In Drought, Smart Meters Prompt Privacy Concerns
Smart water meters are being used for a non-traditional purpose in California, where authorities are trying to enforce conservation measures during the drought.
When Governor Jerry Brown mandated that water use be cut by 25 percent compared to 2013 levels, some waters utilities found the restriction difficult to institute. Water departments, after all, are not “spy agencies,” as a recent Wired article pointed out. The Long Beach Water Department, for instance “doesn’t have the resources to conduct surveillance or stage sting operations to catch water wasters in the act.”
Smart water meters are bridging the gap for some utilities, as the technology is increasingly used to monitor water wasting, Wired reported:
Traditional water meters essentially provide a running tally of how much water a customer has used. Your bill is based on your current total, minus last month’s total. The utility has no idea how much water you actually use on a day-to-day basis, let alone what time of day you use the most water. But to enforce water restrictions, utilities need to know exactly that. The Long Beach Water Department is one of a small but growing number of utilities turning to electronic “smart” meters to solve the problem.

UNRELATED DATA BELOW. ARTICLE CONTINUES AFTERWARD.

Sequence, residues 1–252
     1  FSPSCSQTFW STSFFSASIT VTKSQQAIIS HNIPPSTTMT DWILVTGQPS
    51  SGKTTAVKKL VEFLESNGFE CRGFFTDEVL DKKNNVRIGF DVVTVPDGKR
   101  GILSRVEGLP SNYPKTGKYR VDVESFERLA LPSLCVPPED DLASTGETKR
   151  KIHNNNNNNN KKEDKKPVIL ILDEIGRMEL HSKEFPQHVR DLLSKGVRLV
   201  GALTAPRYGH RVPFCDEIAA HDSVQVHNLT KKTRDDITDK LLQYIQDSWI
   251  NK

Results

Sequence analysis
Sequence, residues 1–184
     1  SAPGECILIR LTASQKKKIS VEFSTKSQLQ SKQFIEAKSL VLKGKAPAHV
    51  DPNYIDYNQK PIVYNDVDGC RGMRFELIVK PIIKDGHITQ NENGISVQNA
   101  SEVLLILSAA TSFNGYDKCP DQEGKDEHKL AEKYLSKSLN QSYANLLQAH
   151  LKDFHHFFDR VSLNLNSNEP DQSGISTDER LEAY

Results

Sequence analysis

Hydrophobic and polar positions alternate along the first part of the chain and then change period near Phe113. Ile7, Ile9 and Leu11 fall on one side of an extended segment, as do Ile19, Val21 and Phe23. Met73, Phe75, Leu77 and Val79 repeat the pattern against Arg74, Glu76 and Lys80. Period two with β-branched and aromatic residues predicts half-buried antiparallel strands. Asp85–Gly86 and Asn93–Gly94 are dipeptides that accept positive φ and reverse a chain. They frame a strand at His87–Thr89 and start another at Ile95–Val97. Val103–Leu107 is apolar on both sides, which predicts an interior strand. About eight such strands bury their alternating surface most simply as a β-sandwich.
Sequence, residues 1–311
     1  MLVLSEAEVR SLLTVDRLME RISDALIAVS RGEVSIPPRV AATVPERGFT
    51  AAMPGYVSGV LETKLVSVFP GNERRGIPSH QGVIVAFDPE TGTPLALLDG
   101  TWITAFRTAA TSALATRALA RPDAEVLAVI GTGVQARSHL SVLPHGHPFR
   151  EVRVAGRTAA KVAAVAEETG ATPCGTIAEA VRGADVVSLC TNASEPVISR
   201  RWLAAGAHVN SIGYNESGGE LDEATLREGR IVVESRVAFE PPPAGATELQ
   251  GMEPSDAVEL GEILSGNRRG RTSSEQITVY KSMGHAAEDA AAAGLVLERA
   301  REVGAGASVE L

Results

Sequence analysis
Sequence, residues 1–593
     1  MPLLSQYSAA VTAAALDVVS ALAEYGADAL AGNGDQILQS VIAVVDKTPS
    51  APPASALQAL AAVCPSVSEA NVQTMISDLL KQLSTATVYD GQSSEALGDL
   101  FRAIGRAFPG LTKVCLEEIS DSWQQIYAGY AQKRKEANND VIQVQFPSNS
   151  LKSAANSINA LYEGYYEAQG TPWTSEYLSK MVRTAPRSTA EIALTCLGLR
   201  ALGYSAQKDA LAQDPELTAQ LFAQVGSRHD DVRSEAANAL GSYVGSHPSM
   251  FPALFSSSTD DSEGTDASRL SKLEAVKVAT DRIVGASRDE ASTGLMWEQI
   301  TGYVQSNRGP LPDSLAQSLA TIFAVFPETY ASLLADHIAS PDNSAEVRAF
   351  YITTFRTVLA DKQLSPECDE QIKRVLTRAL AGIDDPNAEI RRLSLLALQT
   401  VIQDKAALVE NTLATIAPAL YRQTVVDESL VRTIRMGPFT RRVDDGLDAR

The use of utility data for purposes other than billing has sometimes prompted suspicion from customers. In previous year, the energy industry has encountered criticism for the release of ratepayer data. The San Francisco Chronicle reported:
The American Civil Liberties Union warned that energy-use information represents one more way for government agencies to peer into Americans’ lives. The release comes in the wake of recent disclosures about how the National Security Agency uses cell phone ‘metadata’ and other personal electronic records when investigating national security threats.
One group called Smart Grid Awareness has alleged that smart water meters expose customers to potential privacy breaches, although this is not a mainstream concern. “[The features of smart meters mean] that you would be subjected to constant surveillance, even though no mention is made of customer privacy invasions by vendors or utilities. Moreover, combined with the granular data collected by smart electric meters, an even clearer picture emerges on your behaviors in the home,” the group argues.
Smart water meters are not just being used to get people in trouble. “Many people just want to use less water and want more immediate feedback on their usage than monthly water bill can provide. So as part of a pilot program, the Water Department [in Long Beach] also gave out around 200 smart water meters to residents. [A department official] says the city believes they are having an impact,” Wired reported.
Some water utilities are resistant to smart water meters, according to Wired, since conservation challenges revenue and because installation is costly.
For more on the latest metering innovations, visit Water Online’s AMR, AMI and Metering Solutions Center.